She also watched her eldest son, Berno Potgieter, 26, battle through a degree in chemical engineering – only to see him abandon the field completely after three months of work, to build a technology start-up company and app that has led to national success.
While she still values a university education, she no longer believes a degree is a guarantee of success.
“The world is changing so fast, and we need to change with it; if not, our children will stay behind. People think, to be successful, you have to go to university. But even a degree is no guarantee of a job, regardless of how well-qualified you are … Our children need to be taught how to start their own businesses. They need to consider entrepreneurship as a career choice.”
Knowing the traditional school system did not adequately prepare children to set up their own businesses, Prinsloo set about looking for a solution, and found one in the form of an entrepreneurial and financial literacy programme for youngsters, starting right from Grade 1. It is the brainchild of another academic – the former director of the University of the Free State’s business school, Danie Jacobs – who developed the programme, called Young Entrepreneurs, in collaboration with international experts.
She was so impressed with the content, which has been designed to bring out the entrepreneurial mind-set in children through a collection of fun, interactive, multi-media activities, that she bought the franchise for Nelson Mandela Bay. She received training in Bloemfontein, and sourced experienced business people as facilitators. She has already been approached by a number of schools in Nelson Mandela Bay to implement the programme, which will start in February 2017.
“The main reason I wanted to get involved in this was to develop entrepreneurial skills for my youngest son, Roan, who is in Grade 6. I am not going to sit and wait for him to get to Grade 11 or 12 and then we all decide what he is going to do after school. I want to start preparing him now for the future, to give him a head start in life … Our kids need to be more entrepreneurially-minded. By setting up their own businesses, many more jobs will be created – contributing to the development of our country and addressing the high levels of unemployment.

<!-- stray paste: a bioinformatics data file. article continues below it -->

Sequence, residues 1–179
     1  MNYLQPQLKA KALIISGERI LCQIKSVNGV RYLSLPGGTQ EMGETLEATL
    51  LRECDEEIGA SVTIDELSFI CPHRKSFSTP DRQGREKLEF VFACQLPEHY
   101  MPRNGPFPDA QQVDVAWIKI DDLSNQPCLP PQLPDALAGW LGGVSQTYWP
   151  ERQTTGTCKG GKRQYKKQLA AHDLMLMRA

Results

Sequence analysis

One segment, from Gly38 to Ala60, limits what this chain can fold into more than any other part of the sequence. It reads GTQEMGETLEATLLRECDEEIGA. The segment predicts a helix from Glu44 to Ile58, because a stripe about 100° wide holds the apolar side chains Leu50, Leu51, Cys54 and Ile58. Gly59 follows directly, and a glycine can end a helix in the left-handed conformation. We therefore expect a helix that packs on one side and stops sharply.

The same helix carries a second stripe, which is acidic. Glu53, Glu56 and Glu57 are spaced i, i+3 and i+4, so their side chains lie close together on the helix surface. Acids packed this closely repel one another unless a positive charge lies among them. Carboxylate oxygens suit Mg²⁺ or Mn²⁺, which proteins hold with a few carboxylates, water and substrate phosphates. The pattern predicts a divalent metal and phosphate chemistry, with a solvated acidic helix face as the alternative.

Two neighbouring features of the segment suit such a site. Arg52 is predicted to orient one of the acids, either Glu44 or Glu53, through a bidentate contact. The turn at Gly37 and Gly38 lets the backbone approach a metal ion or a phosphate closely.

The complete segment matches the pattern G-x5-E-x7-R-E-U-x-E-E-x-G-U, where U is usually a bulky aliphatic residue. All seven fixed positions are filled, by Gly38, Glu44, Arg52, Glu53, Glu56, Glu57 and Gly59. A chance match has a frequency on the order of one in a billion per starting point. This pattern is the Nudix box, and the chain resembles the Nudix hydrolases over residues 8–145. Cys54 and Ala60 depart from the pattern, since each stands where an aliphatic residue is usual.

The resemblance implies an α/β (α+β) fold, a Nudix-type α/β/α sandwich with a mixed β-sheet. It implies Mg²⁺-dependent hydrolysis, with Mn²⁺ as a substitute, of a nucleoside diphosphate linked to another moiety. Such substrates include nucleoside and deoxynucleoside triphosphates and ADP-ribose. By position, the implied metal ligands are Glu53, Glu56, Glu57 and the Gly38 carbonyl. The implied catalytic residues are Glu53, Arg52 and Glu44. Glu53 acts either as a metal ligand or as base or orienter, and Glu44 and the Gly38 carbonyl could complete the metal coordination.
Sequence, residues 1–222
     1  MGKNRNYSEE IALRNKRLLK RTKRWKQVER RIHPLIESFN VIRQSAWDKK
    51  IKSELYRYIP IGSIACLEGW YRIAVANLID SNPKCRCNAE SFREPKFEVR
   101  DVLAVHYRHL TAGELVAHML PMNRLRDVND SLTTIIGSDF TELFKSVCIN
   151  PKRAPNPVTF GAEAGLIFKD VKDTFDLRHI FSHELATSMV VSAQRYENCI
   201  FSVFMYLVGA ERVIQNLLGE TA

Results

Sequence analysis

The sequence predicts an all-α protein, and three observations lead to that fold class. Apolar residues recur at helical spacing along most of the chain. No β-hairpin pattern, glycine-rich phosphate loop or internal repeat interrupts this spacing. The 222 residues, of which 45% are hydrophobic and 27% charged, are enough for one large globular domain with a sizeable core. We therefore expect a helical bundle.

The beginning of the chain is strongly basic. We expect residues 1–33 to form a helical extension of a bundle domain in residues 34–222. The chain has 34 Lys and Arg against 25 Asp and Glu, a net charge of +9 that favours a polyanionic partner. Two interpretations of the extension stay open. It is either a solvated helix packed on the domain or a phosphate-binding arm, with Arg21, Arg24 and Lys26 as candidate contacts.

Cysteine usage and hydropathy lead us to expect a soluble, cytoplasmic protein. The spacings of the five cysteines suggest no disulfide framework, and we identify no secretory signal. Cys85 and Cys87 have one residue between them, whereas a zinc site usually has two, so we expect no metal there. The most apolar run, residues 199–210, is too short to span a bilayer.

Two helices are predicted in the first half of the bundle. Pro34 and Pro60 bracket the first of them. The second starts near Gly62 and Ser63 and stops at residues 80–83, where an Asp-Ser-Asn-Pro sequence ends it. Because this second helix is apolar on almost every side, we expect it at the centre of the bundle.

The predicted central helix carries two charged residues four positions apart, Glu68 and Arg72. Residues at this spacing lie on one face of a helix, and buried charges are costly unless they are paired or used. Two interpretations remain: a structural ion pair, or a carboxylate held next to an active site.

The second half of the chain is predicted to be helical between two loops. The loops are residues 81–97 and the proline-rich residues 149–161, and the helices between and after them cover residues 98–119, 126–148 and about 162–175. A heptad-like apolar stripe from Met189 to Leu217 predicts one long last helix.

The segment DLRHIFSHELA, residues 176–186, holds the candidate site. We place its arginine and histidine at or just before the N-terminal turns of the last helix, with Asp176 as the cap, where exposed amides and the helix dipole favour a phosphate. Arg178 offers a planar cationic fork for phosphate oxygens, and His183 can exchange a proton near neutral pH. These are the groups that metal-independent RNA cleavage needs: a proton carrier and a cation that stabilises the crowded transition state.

“I’m not saying youngsters shouldn’t go to university, but they should also be equipped with business knowledge.”
What also drew her to the programme was its strong social drive, as she is “extremely passionate about helping others”. For her, one of the highlights of being an accounting academic has been running annual accounting winter schools for Grade 11 and Grade 12 learners, which she has successfully coordinated for several years, in partnership with leading professional services firms.
Now, she is keen to secure sponsorship from leading Bay firms, to work in partnership with the Young Entrepreneurs Foundation Trust, to ensure that less fortunate children also benefit from the Young Entrepreneurs programmes. “This is the real need … In Bloemfontein, for example, a social worker’s request led to the programme being successfully rolled-out to all the shelters in the city, to equip homeless youths and adults with entrepreneurial skills.”
In each year of the programme – which caters for children aged seven to 15 – the children have to run their own small businesses, which entails coming up with a name and logo, registering the business, making business cards, creating a product (with a loan from their parents) and then selling it at a market day – the highlight of the entrepreneurship programme. “They are exposed to the whole journey of becoming an entrepreneur. And they have to pay back the loan to their parents – this is an important value that the kids are taught from the first lesson.”
They also learn how to manage their money, with a strong focus on saving, spending, sharing and, from Grade 4, investing. And they learn about the “flow” of money, and how to track and manage it, including calculating compound interest (to understand how credit cards work, etc.) and setting a personal budget. They also learn about “needs versus wants” and how to get the best value for their money.
“By the time the Young Entrepreneur learners leave school, they will be business-savvy and better prepared for the real world. They don’t have to wait till after school or after university to run their own businesses … By Grade 9, they will probably be more financially literate than many adults.”
The programme includes workshops for parents too on how to raise money-smart, entrepreneurially-minded children. For instance, parents are encouraged not to just give pocket money to their children, but to let them earn it, so they have a “real world” appreciation of money.
“Danie [Jacobs] believes while not everybody will be an entrepreneur, everybody should be financially literate. It should be a core skill, like spelling or reading, which each child should acquire at an early age.” Jacobs will be presenting his first workshop for Bay parents early next year (date still to be confirmed).